Since each woman is unique and reacts differently to natural treatments, try them out for yourself. Women who exercise regularly and consume soy daily generally have fewer menopausal symptoms than those who do not. Test these approaches for at least six to eight weeks to see if you get positive results.

To get you started, try this easy and delicious soy recipe from my book Virtues of Soy: A Practical Health Guide and Cookbook (www.virtuesofsoy.com).

Golden Tofu Strips

5.3 oz of firm tofu (1/3 of a 16 oz block)
1/4 teaspoon salt
1/4 teaspoon turmeric
1/2 tablespoon canola oil
Cut tofu into strips 1/4 in wide and 2 in long. Heat 1/2 tablespoon canola oil. Add tofu strips, 1/4 teaspoon salt and 1/4 teaspoon turmeric. Stir to coat all sides of tofu thoroughly. Cook tofu strips about 5 minutes or until golden brown. Serve on top of a salad, stir-fry or stuffed in a pita with shredded lettuce. (Makes 1-2 servings)

References

1. Rossouw JE et al. Risks and Benefits of Estrogen Plus Progestin in Healthy Postmenopausal Women - Principal Results From the Women's Health Initiative Randomized Controlled Trial. JAMA. 288(3): 321-333. July 17, 2002. http://jama.ama-assn.org/issues/v288n3/abs/joc21036.html
2. Morelli V et al. Alternative therapies for traditional disease states: menopause. Am Fam Physician. 66(1): 129-34. July 1, 2002.
3. Kramer AF et al. Ageing, fitness, and neurocognitive function. Nature. 400(6743): 418- 419. July 1999.
4. Hansen, CJ et al. Exercise duration and mood state: how much is enough to feel better? Health Psychology. 20(4): 267-275. July 2001.
5. Blumenthal JA et al. Effects of exercise training on older patients with major depression. Arch Intern Med. 159(19): 2349-56. Oct 25, 1999.
6. Vincent KR et al. Resistance exercise and bone turnover in elderly men and women. Medicine & Science in Sports & Exercise. 34(1): 17-23. 2002.
7. Setchell KD. Soy isoflavones - benefits and risks from nature's selective estrogen receptor modulators (SERMs). Journal of the American College of Nutrition. 20(5 Suppl): 354S-362S; discussion 381S-383S. 2001.
8. Arena S et al. A natural alternative to menopausal hormone replacement therapy. Phytoestrogens. Minerva Ginecol. 54(1): 53-7. 2002.
9. Hall LL. Taking charge of menopause. FDA Consumer. 33(6): 00-1310. 1999. www.fda.gov/fdac/features/1999/699_meno.html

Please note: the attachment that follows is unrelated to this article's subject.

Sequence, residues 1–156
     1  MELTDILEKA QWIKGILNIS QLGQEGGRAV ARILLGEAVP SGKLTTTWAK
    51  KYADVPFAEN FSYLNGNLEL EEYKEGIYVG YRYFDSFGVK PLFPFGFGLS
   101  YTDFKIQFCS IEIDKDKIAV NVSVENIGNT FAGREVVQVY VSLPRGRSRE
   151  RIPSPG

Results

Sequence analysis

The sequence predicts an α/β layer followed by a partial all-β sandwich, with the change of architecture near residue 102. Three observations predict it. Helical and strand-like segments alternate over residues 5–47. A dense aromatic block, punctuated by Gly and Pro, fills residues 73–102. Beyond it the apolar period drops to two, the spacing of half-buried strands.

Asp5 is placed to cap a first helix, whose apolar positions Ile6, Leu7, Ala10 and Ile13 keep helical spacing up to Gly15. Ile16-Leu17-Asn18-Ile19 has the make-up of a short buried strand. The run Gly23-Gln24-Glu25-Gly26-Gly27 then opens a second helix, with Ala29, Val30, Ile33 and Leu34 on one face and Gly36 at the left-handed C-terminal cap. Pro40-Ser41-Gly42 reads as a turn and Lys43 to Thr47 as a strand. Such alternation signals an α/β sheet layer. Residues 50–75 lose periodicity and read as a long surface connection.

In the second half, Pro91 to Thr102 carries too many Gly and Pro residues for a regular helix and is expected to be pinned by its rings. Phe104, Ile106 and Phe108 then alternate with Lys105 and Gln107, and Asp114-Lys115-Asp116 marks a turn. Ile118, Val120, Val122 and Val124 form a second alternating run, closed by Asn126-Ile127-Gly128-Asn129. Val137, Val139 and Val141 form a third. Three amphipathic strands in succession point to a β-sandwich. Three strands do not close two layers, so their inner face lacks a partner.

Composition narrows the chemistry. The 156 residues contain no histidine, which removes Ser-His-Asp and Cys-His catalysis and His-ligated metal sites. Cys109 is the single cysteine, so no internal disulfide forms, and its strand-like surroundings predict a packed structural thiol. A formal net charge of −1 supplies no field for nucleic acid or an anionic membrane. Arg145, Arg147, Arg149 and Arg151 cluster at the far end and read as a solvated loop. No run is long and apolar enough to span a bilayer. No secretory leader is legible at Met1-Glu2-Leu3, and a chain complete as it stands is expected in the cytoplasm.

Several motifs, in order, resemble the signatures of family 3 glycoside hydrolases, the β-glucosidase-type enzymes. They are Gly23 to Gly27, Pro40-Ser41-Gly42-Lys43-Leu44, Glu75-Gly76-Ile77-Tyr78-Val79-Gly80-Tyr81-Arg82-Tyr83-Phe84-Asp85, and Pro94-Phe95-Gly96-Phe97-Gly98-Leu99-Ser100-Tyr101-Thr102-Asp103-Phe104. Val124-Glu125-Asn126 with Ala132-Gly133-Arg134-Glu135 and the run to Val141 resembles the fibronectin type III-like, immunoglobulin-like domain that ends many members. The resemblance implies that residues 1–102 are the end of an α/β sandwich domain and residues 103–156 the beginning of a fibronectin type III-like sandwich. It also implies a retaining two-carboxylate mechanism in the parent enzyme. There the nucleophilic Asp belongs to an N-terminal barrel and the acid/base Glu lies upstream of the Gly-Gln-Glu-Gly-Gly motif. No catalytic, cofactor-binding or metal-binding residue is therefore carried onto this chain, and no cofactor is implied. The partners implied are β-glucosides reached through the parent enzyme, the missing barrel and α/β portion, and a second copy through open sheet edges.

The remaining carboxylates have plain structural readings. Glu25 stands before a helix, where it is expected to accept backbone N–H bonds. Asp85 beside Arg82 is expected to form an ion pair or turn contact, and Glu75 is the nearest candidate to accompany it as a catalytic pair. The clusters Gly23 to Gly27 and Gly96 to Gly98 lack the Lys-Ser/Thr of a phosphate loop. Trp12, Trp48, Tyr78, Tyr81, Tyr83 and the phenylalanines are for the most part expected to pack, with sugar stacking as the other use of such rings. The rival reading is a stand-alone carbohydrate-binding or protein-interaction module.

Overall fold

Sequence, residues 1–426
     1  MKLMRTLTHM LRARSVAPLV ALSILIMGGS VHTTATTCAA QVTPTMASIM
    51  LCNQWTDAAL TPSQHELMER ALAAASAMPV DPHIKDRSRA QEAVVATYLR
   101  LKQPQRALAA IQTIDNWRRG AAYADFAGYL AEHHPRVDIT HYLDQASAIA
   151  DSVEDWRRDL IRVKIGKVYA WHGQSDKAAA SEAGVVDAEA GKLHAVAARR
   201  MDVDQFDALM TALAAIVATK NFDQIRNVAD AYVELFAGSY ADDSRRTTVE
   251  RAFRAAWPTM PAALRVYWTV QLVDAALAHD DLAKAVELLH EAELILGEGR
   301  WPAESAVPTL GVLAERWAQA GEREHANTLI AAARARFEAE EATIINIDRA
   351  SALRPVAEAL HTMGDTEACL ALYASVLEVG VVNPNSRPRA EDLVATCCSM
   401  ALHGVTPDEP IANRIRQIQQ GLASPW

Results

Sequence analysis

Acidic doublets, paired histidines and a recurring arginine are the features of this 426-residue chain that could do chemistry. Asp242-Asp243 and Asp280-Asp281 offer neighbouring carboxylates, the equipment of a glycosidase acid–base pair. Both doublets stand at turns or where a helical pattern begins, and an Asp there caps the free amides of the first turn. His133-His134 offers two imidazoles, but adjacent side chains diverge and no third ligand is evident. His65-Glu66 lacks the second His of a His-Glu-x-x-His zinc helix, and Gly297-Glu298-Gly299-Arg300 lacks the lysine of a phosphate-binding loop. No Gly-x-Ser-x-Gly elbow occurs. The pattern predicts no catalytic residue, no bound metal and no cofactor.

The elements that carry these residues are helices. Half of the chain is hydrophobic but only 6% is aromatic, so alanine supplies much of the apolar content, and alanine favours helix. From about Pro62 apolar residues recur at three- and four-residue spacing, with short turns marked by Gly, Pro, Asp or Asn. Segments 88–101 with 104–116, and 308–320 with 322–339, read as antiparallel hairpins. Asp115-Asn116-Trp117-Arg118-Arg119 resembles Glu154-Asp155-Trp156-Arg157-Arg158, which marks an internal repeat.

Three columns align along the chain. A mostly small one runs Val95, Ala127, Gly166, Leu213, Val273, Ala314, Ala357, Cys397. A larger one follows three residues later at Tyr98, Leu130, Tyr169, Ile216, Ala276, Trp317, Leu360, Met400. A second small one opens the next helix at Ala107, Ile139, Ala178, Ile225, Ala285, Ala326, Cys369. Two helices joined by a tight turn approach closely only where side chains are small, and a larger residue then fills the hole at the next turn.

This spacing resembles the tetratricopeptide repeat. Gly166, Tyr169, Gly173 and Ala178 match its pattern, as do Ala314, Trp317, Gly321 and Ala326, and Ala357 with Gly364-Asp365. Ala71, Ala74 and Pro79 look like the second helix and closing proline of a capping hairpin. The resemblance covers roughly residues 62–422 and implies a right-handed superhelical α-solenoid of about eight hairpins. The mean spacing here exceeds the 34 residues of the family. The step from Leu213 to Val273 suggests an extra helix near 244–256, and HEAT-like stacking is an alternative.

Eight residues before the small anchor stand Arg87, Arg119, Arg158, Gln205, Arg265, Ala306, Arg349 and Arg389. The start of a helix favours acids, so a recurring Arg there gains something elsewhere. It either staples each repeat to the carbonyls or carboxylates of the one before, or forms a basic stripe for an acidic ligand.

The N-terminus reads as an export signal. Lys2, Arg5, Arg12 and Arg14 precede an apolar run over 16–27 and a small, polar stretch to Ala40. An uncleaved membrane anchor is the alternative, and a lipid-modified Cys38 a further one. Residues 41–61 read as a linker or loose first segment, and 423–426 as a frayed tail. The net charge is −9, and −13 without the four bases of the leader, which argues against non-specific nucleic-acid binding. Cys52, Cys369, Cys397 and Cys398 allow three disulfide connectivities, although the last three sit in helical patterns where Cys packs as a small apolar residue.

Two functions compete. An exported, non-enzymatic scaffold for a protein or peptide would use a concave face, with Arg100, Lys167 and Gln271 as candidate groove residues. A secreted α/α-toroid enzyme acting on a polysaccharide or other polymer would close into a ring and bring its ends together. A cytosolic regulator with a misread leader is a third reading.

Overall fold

10. Scheiber MD et al. Dietary Soy Isoflavones Favorably Influence Lipids and Bone Turnover in Healthy Postmenopausal Women. Third International Symposium on the Role of Soy in Preventing and Treating Chronic Disease. Session 2, Osteoporosis: In Vitro, Animal and Human Studies. October 31 - November 3, 1999.
11. Ashton EL et al. Effects of Soy, as Tofu Vs. Meat on Coronary Heart Disease Risk Factors. Third International Symposium on the Role of Soy in Preventing and Treating Chronic Disease. Session 7, Plenary Session. Hypertension, Renal Disease, and LDL Oxidation. October 31 - November 3, 1999.
12. Teede HJ et al. Soy Protein Dietary Supplementation Improves Lipid Profiles and Blood Pressure: A Double-Blind, Randomized, Placebo-Controlled Study in Men and Postmenopausal Women. Third International Symposium on the Role of Soy in Preventing and Treating Chronic Disease. Session 7, Plenary Session. Hypertension, Renal Disease, and LDL Oxidation. October 31 - November 3, 1999.
13. Messina MJ. Legumes and soybeans: overview of their nutritional profiles and health effects. Am J Clin Nutr. 70(3 Suppl): 439S-450S. www.oncolink.org. 1999.
14. Cline JM et al. Effects of Dietary Soy on the Uterus and Breast of Macaques.Third International Symposium on the Role of Soy in Preventing and Treating Chronic Disease. Session 3, Cancer: In Vitro, Animal, and Human Studies. October 31 - November 3, 1999.
15. Setchell KDR. Isoflavone Absorption/Metabolism and Effects of Processing, Absorption and Metabolism of Soy Isoflavones-from Food to Dietary Supplements and Adults to Infants. Third International Symposium on the Role of Soy in Preventing and Treating Chronic Disease. Session 1. October 31 - November 3, 1999.
16. Liu J et al. Evaluation of estrogenic activity of plant extracts for the potential treatment of menopausal symptoms. J Agric Food Chem. 49(5): 2472-9. 2001.
17. Hardy ML. Herbs of special interest to women. J Am Pharm Assoc (Wash). 40(2): 234-42; quiz 327-9. 2000.
18. Barton DL. Prospective evaluation of vitamin E for hot flashes in breast cancer survivors. J Clin Oncol. 16(2): 495-500. 1998

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About Monique N. Gilbert PhD

Monique N. Gilbert BSc is a Health Advocate, Certified Personal Trainer/Fitness Counsellor, Recipe Developer, Freelance Writer and Author of Virtues of Soy: A Practical Health Guide and Cookbook (Universal Publishers, available at Amazon.co.uk). She became a full-fledged vegetarian on Earth Day 1990. Over the years she has increased her knowledge and understanding about health and fitness, and the important role diet plays in a person's strength, vitality and longevity. Monique feels it is her mission to educate and enlighten everyone about the benefits of healthy eating and living. She can be contacted at: monique@chef.net; www.virtuesofsoy.com